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Old 01-07-2011, 11:26 AM   #5
 
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Hmmm, I'd be scared to try vodka in freshwater. I know what happens to me when I get too much vodka in me
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Old 01-07-2011, 12:53 PM   #6
 
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Hi guys,

Based on what I've read, I would not try this in a freshwater tank. From what I understand, the bacteria that grows as a result of adding the carbon consumes a lot of the oxygen in the water, so it is highly recommended that you try this only if you have a protein skimmer which both removes the bacteria after it's consumed nitrates and phosphates, and replenishes the oxygen in the water.

As for my results so far, I dosed the following:

Monday night: 1/8 tsp
Tuesday night: 1/8 tsp
Wednesday night: 1/4 tsp
Thursday morning: 1/2 tsp
Friday morning: 1/2 tsp

I'll test and report my nitrates when I get home from work. I've read that it's taken some people 2 weeks or so to see a difference, so it may be a bit premature but we'll see.
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Old 01-08-2011, 11:40 AM   #7
 
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Wow, it's sounding better and better...

Consumes oxygen means converts it to CO2, correct?
Sounds like a CHEAP way to supplement CO2...
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Old 01-11-2011, 08:21 AM   #8
 
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Originally Posted by redchigh View Post
Wow, it's sounding better and better...

Consumes oxygen means converts it to CO2, correct?
Sounds like a CHEAP way to supplement CO2...
I read that the bacteria that results from adding the sugar reduces the amount of oxygen available in the water, which is why it was strongly recommended that a protein skimmer be used to replenish it. I don't know whether the oxygen the bacteria consumes is converted to CO2.

I do know that after dosing with sugar for exactly 1 week now, I am a believer. My nitrates have come down from what looked like 20+ last Monday to 5 or 10 (I can't tell the difference between these two with the API test kit) as of this morning. It looks like my phosphates are lower, too.

When I tested my nitrates last Friday, it looked like the test kit results may have been a slightly lighter shade of orange, but they still looked to be around 20. I remembered reading that some people only saw results after their tank had gotten cloudy, and their tank had only gotten cloudy after increasing the amount of sugar they dosed with. On Friday evening I added another 1/2 tsp of sugar. That got the tank cloudy. There was a definite change in the shade of orange when I tested the water Saturday morning. On Saturday I decided to "go for broke" and dosed 2 tsp. The water got cloudy later that day, my skimmer kicked into high gear, and when the water cleared up hours later my nitrates were lower still. My fish, hermit crabs, emerald crabs, peppermint shrimp, and xenia all seemed fine. I dosed 2 tsp again Sunday and Monday. I am going to do the same this morning.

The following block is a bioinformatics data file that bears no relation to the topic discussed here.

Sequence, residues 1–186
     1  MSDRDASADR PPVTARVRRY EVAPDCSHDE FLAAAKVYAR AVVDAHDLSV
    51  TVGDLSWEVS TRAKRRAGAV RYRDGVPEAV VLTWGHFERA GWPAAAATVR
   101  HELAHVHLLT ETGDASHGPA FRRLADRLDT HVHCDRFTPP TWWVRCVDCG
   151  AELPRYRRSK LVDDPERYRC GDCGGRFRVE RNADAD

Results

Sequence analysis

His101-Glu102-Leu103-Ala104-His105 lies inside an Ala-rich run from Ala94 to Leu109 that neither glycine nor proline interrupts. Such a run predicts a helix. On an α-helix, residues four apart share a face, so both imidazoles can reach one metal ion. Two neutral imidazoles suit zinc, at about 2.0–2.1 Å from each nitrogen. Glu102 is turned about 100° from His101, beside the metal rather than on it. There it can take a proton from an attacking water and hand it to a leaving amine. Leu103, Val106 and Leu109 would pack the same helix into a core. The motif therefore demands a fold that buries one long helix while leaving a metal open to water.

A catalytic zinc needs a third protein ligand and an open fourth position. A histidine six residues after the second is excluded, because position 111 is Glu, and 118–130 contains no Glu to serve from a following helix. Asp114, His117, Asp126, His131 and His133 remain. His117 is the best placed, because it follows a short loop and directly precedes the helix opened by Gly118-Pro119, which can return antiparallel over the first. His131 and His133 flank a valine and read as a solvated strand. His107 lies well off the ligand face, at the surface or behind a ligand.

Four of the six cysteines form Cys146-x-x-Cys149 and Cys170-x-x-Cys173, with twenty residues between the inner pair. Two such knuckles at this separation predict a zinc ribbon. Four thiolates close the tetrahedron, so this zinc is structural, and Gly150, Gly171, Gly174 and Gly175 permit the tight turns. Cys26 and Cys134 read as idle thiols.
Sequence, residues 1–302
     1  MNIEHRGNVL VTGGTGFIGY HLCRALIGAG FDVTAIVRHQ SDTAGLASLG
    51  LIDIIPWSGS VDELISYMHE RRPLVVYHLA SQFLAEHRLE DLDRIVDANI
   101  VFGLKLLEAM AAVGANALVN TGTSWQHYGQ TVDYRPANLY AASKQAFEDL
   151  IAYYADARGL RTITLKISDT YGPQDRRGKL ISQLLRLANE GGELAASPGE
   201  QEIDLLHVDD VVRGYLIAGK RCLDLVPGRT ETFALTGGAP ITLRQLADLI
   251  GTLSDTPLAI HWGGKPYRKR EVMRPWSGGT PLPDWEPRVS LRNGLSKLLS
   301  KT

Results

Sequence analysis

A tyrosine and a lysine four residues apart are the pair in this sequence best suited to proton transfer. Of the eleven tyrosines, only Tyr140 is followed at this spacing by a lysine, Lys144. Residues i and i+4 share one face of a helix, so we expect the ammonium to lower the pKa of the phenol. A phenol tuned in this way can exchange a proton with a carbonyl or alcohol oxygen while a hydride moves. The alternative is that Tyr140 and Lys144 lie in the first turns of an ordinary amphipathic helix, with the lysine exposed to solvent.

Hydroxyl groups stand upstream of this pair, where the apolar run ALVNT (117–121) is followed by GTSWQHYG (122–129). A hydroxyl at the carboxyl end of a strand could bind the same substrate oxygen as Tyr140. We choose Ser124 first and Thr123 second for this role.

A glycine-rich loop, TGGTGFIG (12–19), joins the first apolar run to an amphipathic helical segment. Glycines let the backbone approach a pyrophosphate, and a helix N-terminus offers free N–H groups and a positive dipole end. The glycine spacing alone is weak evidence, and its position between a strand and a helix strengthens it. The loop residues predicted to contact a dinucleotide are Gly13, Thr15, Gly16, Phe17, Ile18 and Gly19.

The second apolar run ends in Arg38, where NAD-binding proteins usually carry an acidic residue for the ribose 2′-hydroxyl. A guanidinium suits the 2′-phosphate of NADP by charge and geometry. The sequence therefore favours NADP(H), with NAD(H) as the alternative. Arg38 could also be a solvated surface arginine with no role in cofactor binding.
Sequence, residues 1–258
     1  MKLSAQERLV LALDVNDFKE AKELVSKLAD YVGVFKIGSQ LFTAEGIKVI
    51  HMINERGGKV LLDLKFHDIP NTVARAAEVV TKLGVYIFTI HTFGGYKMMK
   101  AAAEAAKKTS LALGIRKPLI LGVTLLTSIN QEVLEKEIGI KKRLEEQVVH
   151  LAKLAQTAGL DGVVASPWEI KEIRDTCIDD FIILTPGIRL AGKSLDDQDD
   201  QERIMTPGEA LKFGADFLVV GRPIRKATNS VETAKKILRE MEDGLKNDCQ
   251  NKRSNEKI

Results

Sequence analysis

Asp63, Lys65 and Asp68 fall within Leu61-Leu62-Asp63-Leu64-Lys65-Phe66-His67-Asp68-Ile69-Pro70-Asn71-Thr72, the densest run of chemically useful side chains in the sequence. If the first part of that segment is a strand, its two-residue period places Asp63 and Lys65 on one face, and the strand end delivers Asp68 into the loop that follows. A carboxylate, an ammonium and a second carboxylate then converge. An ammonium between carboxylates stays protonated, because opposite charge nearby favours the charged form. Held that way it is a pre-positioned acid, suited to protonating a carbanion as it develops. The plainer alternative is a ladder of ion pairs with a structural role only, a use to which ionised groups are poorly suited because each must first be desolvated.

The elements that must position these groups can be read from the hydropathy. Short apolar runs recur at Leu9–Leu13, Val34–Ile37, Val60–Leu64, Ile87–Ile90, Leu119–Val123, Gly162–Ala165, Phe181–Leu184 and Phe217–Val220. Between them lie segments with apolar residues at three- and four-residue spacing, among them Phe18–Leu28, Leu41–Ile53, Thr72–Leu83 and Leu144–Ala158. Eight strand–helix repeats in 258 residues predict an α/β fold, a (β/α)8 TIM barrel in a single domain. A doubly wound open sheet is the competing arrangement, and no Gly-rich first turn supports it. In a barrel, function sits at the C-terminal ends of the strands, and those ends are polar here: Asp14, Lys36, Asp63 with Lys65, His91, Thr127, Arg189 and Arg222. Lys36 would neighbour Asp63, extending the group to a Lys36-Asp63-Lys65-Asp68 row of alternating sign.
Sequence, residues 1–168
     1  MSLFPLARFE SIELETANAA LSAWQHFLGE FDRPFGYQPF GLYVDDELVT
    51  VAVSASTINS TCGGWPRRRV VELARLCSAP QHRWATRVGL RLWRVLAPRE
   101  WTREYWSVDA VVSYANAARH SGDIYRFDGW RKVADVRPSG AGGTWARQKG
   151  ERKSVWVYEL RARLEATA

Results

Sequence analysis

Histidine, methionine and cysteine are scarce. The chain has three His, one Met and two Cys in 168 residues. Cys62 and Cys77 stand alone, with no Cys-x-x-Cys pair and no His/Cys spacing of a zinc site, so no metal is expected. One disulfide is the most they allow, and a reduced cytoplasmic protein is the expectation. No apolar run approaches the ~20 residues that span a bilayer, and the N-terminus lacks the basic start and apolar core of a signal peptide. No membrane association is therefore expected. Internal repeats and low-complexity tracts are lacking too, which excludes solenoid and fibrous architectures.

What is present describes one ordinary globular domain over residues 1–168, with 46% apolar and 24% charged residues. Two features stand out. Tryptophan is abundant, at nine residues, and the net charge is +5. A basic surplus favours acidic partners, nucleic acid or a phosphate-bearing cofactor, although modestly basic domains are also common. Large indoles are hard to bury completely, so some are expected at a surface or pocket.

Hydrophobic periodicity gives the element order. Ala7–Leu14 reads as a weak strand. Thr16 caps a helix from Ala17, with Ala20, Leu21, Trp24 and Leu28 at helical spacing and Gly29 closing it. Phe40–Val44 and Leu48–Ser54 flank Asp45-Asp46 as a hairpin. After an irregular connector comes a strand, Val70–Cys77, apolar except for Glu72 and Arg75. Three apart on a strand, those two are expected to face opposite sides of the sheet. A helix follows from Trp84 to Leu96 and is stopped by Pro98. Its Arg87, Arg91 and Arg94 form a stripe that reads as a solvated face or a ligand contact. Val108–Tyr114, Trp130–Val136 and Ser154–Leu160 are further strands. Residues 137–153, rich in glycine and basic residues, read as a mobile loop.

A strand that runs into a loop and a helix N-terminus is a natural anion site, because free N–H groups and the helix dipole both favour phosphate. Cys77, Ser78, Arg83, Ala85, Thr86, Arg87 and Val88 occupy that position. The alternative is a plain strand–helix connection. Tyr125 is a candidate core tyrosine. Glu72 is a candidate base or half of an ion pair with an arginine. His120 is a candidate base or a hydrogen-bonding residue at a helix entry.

On Wednesday or Thursday I will probably scale it back to dosing 1 tsp until Sunday, and then 1/2 tsp from then on assuming the nitrates don't increase.

Thinking about all of the messy, several hour long, large water changes I've done to bring my nitrates down in the past, and the expensive "nitrate reducing media" I've purchased that had no noticeable effect whatsoever, the fact that simply adding sugar to the tank significantly reduces nitrates (at least has so far) strikes me as nothing short of incredible.

Assuming the cumulative impact of sugar dosing doesn't have negative consequences, and there doesn't seem to be any reason to think it would based on everything I've read, this seems like it would save a lot of time, work, money, and frustration.

Of course, from what I understand, adding new aquarium salt replenishes many helpful trace minerals, so in addition to dosing to replenish Ca, Mag, etc., I am still going to do regular water changes. They just won't have to be nearly as large or as frequent to keep my nitrates at bay.
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Old 01-11-2011, 09:38 AM   #9
 
you might want to consider adding brightwells MB7 so you get a variety of bacteria and not have a monoculture of bacteria.
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Old 01-11-2011, 02:11 PM   #10
 
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Thanks, reefs, I'll look into it. Would that be in addition to dosing with sugar, or as an alternative to it?

Have you dosed with sugar yourself or do you know people who have? If so, how did it work out?